Day 2 - Saturday 19 July 2014
Cambridge Town Hall
10.15am Welcome - Councillor Sue Milner
10.30am Opening Address - Ngahuia Te Awekotuku
He Puna Roimata : making visual memories through public art
This session reflects on the ongoing expression of the Maori and settler history of the Waipa and Waikato confluence, through the media of public art works. They will include taonga Maori, monumental statements and smaller, more personal examples, in a visual presentation.
Chair Haupai Puke
Ngahuia Te Awekotuku is an award winning author who has worked as a museum curator, professor, art historian, and repatriation consultant. She has served on various governance boards in the arts, and the academy. She resides at Waiwherowhero, on the western bank of the Waikato River.
11.15am Catharine Coleborne
Health Institutions of the Waipa District in Historical Perspective
This session takes a look at several health institutions in the Waipa District from the nineteenth century into the twentieth. It examines their function in changing communities and highlights how families and groups used institutions to maintain health and to treat illness. Institutions provide us with an insight into lived communities of people; employment, cultures and interactions with the state, and show us how histories of health and illness might be interpreted in the present.
Chair Jan Pilditch
Catharine Coleborne is Professor in History at the University of Waikato. Her research has focused on histories of mental health in colonial Australia and New Zealand, but she has increasingly been developing teaching and research in local histories, such as her involvement in producing the collaborative book Changing Times, Changing Places, a history of mental health services in the Waikato, including Tokanui Hospital, which was published in 2012. She is also a Trustee of the Waikato Health Memorabilia Trust, and has a keen interest in the stories of health institutions and people and families who have interacted with them, both in the past and in the present. With Ondine Godtschalk, she published an article about colonial families and illness in Australia and New Zealand in the Journal of Family History (2013).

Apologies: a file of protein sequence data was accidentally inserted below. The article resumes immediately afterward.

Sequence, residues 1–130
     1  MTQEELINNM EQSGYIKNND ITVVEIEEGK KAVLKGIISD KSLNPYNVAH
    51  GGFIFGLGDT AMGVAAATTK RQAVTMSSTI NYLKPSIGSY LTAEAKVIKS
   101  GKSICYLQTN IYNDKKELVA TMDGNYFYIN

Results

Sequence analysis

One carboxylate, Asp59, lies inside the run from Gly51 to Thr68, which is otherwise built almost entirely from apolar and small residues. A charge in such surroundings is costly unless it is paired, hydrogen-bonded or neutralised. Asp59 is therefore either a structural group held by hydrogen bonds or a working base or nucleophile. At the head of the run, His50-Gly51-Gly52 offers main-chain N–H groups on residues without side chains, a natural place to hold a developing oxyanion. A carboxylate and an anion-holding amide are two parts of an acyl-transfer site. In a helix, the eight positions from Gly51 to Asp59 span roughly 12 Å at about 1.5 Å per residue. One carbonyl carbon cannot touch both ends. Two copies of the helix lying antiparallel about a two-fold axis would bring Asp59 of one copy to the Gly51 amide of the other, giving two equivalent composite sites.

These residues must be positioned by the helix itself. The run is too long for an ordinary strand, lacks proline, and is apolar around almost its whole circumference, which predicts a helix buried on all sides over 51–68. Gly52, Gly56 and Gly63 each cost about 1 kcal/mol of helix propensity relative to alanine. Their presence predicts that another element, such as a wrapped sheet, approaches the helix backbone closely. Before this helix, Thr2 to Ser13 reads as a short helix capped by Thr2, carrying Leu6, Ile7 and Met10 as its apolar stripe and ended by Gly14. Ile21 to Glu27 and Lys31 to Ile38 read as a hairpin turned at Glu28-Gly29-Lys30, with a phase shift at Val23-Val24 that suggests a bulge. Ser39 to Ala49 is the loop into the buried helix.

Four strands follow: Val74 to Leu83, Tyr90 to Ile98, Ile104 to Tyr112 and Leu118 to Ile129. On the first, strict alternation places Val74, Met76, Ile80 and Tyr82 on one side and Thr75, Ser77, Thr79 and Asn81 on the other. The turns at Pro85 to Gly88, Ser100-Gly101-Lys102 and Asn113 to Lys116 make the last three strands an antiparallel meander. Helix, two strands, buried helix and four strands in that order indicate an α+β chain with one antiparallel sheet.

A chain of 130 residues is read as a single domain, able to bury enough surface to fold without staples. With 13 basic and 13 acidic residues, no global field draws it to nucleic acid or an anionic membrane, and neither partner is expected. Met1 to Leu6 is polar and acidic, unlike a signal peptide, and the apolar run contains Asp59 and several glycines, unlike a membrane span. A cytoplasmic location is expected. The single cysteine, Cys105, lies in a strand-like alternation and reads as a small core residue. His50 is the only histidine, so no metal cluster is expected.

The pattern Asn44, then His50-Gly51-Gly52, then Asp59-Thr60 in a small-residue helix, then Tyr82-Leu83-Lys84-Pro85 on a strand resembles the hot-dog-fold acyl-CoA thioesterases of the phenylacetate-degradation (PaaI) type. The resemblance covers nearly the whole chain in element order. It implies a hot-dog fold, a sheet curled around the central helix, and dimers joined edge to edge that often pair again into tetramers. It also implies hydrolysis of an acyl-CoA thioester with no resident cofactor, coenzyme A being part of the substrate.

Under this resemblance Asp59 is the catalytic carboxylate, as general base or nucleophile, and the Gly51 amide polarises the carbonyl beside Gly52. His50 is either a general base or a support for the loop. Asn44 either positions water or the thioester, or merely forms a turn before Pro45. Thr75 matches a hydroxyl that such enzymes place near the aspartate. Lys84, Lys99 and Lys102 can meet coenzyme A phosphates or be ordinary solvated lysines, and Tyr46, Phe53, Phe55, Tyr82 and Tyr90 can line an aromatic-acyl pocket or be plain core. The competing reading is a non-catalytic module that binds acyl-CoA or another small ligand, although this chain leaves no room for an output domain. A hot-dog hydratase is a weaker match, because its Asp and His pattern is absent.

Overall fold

12.00pm Waikato Health Memorabilia Trust
Health and Medical Objects and the Waipa
This session will take a look at some of the physical objects associated with the Medical profession in the past.
Chair Catharine Coleborne
LUNCH: 12.45 – 1.45pm
1.45pm Philippa Ulenberg
High Art and High Jinks: serious music making and great fun at a summer school of music.
Q: What do Douglas Lilburn, Owen Jensen, John M Thomson, Jenny McLeod, Lili Kraus, Edwin Carr, Ronald Dellow, David Farquhar, Ronald Tremain, John Rimmer, Frederick Page, John Hopkins, Anthony Ritchie, Donald Munro, Jack Body, Maurice Clare, Judith Clark, Gary Brain, Vincent Aspey, Gillian Whitehead, Ian Campbell, David Griffiths, Katherine Austin, Robin Maconie, Peter Godfrey, Ian Whalley, Frances Wilson, Karen Grylls, Peter Walls, Ross Harris, Ray de Lisle, Michael Houston, Don McGlashan, John Wells, Deirdre Irons, Glenese Blake, Anthony Jennings, David Guerin, Margaret Nielson, Susan Frykberg, John Elmsly … all have in common?